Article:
China's simulated Mars camp is open to tourists and researchers

China has a rover on the moon's far side right now called Chang'e 4, and it has shared photos of the far side in the past. China has plans for more moon missions in the future with the launch of the Chang'e 5 planned for later this year. China also wants to go to the moon and is working on a Mars rover for 2020.

China's plans for space exploration appear to be grand with it having unveiled a new simulated Mars camp in the remote and arid desert outside the Qinghai province. The camp is open to tourists, researchers, and the media. It's not billed as a government training facility.

The Mars simulation camp is 80-acres in size and is 37 miles from the town of Lenghu near the upper reaches of the Qinghai-Tibet plateau. This portion of China is an arid desert region and is said to the place on Earth that is most unlike being on Earth according to the camp manager, Gao Junling.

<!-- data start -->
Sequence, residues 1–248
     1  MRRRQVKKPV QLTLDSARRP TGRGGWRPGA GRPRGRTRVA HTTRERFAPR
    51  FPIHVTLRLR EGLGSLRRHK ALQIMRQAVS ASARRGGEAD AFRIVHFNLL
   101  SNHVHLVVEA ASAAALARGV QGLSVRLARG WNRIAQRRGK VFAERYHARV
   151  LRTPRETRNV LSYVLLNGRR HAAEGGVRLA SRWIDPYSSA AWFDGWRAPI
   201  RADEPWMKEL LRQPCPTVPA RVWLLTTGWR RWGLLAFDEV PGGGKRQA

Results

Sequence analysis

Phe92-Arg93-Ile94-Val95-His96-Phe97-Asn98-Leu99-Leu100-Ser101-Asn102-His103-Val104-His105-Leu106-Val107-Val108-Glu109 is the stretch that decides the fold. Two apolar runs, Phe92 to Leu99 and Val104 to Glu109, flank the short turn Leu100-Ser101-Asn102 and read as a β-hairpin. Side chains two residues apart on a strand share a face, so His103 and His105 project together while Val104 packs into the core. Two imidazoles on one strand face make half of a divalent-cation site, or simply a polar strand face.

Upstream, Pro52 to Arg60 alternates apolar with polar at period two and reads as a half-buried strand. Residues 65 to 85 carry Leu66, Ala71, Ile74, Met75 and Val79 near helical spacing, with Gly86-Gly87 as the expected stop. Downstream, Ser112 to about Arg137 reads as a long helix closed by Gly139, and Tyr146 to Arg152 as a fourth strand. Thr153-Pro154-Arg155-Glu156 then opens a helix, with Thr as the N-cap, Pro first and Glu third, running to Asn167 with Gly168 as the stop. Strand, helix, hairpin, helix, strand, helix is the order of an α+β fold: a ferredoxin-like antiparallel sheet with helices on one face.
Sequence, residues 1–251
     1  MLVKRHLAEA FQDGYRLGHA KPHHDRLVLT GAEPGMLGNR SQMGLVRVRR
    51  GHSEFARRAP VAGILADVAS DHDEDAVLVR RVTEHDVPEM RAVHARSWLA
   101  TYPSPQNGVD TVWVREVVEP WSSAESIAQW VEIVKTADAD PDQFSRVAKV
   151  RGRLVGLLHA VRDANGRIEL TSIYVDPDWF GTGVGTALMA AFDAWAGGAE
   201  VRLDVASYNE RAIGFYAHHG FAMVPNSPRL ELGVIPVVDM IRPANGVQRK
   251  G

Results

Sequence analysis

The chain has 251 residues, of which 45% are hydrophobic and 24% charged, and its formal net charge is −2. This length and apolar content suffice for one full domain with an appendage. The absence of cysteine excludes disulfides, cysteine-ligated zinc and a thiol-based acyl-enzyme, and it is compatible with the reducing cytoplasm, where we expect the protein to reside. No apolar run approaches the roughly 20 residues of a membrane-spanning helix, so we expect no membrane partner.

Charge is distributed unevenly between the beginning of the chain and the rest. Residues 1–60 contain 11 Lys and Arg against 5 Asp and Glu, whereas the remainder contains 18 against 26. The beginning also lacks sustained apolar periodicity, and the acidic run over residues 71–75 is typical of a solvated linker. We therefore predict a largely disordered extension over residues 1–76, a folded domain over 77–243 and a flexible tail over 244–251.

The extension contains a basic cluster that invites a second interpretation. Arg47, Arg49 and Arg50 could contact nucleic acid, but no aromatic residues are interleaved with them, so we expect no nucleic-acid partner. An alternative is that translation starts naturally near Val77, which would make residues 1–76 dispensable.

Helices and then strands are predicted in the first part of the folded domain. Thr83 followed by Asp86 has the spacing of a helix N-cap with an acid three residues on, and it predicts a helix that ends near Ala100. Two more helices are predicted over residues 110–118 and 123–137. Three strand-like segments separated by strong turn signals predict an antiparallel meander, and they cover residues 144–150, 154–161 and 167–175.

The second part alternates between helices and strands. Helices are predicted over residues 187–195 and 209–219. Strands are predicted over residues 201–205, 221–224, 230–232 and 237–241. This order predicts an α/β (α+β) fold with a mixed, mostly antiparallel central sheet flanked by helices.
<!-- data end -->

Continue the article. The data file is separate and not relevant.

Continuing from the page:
The land the camp is situated on is the most similar area to Mars that can be found in all of China according to Pan Guohui, director of China Aerospace Science and Technology Corporation's cultural and creative unit. The camp has a base separated into a Mars landing site and a fully enclosed Mars camp area with a tent and cabin mix.

The camp area can accommodate up to 160 people to give them a fully immersive experience of life on Mars. The camp was built to mimic the style of camps that might be placed on Mars in the future. Camp construction began last June, and cost 150 million yuan, or about $22.36 million. China has been clear that this is a tourist destination, not a serious training ground for future Mars astronauts.